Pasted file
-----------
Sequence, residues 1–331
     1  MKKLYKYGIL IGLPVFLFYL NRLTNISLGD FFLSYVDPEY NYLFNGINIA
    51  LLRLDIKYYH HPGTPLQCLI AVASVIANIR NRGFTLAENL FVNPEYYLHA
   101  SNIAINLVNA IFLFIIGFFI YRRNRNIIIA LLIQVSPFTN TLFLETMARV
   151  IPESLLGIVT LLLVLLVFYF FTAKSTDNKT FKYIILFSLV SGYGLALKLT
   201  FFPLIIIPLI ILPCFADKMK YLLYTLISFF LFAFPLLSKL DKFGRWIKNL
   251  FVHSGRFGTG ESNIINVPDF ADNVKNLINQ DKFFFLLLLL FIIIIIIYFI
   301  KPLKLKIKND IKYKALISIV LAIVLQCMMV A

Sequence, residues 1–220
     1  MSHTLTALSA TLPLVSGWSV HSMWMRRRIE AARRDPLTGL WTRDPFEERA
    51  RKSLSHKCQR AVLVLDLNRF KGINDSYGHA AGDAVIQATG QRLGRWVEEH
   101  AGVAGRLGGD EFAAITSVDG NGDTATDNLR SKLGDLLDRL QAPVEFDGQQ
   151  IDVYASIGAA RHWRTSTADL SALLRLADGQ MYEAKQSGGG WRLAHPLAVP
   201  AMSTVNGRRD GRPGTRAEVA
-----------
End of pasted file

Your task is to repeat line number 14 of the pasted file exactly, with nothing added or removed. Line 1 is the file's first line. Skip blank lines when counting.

   201  AMSTVNGRRD GRPGTRAEVA